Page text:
MESA, Ariz. -- A Mesa man who was simply pulling out of an apartment complex is dead after a car crash that investigators initially thought involved street racing.
It happened shortly after 7:30 p.m. Sunday in the neighborhood along University Drive west of Val Vista Drive.
According to police, the victim, now identified as Patrick Meley, was pulling out of the private drive of the Genoa Lakes apartment complex when a speeding car T-boned his vehicle. Meley's car rolled. The 47-year-old died on the scene.
"Horrible sound. … It was a sight to see," said Daniel Rapp. He heard the accident and was one of the first people to get to the wreck.
The two 19-year-old men who were in the Nissan 350Z that hit Meley were injured. According to Sgt. Tony Landato of the Mesa Police Department, both were taken to a local hospital although neither one suffered life-threatening injuries. Their names have not been released.
The posted speed limit along that stretch of University Drive is 45 mph. Investigators have not yet determined exactly how fast the Nissan was going at the time of the crash.
While excessive speed is believed to be the reason for the wreck, investigators do not think impairment was a factor.
Early on in the investigation, detectives thought the Nissan might have been involved in a street race with another vehicle. Based on information learned in the hours since the crash, investigators are no longer sure that was the case.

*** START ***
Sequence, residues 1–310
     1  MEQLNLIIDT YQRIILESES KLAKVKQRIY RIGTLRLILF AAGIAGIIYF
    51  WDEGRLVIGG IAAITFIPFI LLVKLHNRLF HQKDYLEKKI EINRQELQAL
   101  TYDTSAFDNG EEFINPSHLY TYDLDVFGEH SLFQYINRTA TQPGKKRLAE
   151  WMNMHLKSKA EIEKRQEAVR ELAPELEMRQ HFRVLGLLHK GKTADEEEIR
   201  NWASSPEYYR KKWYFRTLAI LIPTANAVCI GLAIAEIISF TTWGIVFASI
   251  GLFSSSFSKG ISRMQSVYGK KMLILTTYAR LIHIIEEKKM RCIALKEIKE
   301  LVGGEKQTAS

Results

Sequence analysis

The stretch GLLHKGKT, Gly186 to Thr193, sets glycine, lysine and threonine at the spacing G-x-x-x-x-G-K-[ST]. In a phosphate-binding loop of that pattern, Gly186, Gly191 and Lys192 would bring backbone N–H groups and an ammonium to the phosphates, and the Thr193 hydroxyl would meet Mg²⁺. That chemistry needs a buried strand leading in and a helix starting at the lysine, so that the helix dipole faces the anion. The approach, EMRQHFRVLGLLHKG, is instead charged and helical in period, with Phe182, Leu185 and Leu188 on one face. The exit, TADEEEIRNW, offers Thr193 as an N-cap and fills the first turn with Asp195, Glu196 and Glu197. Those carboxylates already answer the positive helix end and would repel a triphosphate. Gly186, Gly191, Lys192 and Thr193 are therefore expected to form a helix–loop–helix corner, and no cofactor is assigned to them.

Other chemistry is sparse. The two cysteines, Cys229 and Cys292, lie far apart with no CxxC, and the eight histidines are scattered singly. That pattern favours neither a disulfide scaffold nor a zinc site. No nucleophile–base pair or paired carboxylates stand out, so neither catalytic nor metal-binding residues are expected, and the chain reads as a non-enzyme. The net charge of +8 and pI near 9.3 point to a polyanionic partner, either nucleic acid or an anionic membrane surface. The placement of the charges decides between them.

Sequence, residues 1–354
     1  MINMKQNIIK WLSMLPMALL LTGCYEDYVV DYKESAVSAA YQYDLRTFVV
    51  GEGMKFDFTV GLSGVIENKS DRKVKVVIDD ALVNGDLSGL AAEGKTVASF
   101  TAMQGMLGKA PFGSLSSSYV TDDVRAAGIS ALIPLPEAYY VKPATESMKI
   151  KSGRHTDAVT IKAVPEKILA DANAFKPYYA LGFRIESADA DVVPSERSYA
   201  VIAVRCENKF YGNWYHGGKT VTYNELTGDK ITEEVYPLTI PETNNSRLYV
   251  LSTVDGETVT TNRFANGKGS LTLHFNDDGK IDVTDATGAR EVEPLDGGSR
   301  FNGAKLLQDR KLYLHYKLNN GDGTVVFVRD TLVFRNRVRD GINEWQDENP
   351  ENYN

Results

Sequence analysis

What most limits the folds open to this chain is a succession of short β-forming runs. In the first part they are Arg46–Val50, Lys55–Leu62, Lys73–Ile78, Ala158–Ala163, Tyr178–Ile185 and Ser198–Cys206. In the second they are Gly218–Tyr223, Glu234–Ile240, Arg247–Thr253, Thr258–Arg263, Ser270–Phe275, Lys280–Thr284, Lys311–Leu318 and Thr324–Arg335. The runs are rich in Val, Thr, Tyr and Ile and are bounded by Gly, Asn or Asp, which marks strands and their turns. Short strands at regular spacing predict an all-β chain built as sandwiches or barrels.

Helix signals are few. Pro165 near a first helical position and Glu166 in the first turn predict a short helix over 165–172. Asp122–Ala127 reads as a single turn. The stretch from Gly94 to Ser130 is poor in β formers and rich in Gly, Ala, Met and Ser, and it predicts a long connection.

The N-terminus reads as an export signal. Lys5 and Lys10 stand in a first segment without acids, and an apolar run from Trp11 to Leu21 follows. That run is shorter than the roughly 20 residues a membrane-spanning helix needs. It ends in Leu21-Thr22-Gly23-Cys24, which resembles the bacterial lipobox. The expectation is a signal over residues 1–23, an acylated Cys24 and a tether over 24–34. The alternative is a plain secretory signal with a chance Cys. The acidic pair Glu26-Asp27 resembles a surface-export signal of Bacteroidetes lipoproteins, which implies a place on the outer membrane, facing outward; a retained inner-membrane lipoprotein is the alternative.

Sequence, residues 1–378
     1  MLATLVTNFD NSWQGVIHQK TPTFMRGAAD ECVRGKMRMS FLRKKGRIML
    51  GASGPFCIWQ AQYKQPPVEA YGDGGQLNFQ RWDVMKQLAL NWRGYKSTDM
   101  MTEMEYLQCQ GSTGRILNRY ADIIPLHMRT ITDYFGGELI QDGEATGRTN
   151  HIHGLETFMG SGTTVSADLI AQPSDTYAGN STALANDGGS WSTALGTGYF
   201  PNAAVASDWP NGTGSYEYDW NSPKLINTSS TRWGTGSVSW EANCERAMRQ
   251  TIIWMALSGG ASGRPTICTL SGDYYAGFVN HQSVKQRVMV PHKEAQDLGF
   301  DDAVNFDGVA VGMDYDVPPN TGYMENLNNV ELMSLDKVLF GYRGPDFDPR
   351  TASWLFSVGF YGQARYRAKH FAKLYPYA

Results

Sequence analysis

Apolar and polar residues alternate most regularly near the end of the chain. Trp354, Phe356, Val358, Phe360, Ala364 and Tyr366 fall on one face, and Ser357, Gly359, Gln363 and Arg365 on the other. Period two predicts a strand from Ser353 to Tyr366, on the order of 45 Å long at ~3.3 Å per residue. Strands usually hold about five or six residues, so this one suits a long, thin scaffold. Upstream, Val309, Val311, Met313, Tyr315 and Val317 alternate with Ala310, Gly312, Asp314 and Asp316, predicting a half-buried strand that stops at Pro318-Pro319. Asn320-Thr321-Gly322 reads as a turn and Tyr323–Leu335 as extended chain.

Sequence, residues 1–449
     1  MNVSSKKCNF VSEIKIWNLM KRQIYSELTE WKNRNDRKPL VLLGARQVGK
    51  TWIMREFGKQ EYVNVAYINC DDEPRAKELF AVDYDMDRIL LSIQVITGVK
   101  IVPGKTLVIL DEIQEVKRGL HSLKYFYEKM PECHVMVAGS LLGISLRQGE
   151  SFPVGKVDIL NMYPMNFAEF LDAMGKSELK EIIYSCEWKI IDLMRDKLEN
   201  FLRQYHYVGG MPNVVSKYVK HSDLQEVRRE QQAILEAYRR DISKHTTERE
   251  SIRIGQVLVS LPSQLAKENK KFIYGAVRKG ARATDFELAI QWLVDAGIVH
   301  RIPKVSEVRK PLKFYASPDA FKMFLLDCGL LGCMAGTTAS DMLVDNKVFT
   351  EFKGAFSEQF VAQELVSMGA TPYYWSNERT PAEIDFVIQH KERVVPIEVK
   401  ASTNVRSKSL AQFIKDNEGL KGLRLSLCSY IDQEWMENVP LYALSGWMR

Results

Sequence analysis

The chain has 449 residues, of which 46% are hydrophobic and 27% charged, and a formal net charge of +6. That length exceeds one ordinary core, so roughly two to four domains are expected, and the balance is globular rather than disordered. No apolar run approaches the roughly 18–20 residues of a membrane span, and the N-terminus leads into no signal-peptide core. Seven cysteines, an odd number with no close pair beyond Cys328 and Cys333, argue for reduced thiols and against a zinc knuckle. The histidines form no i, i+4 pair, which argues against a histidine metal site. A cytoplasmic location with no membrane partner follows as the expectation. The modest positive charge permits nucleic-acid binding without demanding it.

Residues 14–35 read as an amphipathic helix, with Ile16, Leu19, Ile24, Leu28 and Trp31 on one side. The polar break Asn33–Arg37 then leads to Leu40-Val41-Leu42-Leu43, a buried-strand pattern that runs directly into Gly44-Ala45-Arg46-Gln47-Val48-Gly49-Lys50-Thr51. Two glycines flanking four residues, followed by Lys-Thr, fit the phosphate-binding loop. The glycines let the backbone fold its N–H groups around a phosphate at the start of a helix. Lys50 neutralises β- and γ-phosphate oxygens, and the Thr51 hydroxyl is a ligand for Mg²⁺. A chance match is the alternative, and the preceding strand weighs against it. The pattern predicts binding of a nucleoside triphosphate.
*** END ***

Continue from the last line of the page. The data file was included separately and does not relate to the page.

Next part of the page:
"We're unable to confirm those details, whether or not there were two vehicles racing, or just happened to be on the roadway together, maybe traveling at a high rate of speed, one passing the other," Landato said.
Not only is there no evidence of a race at the scene, Landato said investigators are getting conflicting information from witnesses. "We just simply can't confirm the racing aspect of it," he said. "We can't exclude that, either. It's just foggy enough for us to be unable to confirm it."
Based on those developments, Landato said officers are not looking for a third vehicle.
While they no longer know if street racing was actually involved in the crash, detectives still believe excessive speed was a factor.
"The investigation is ongoing to confirm those details and exactly what we're talking about in terms of speed," Landato said. "There are many variables that they need to evaluate to try to come up with an accurate speed."
At this point, police have not made any arrests, but criminal charges are a possibility if speed is confirmed to have been a factor in the crash,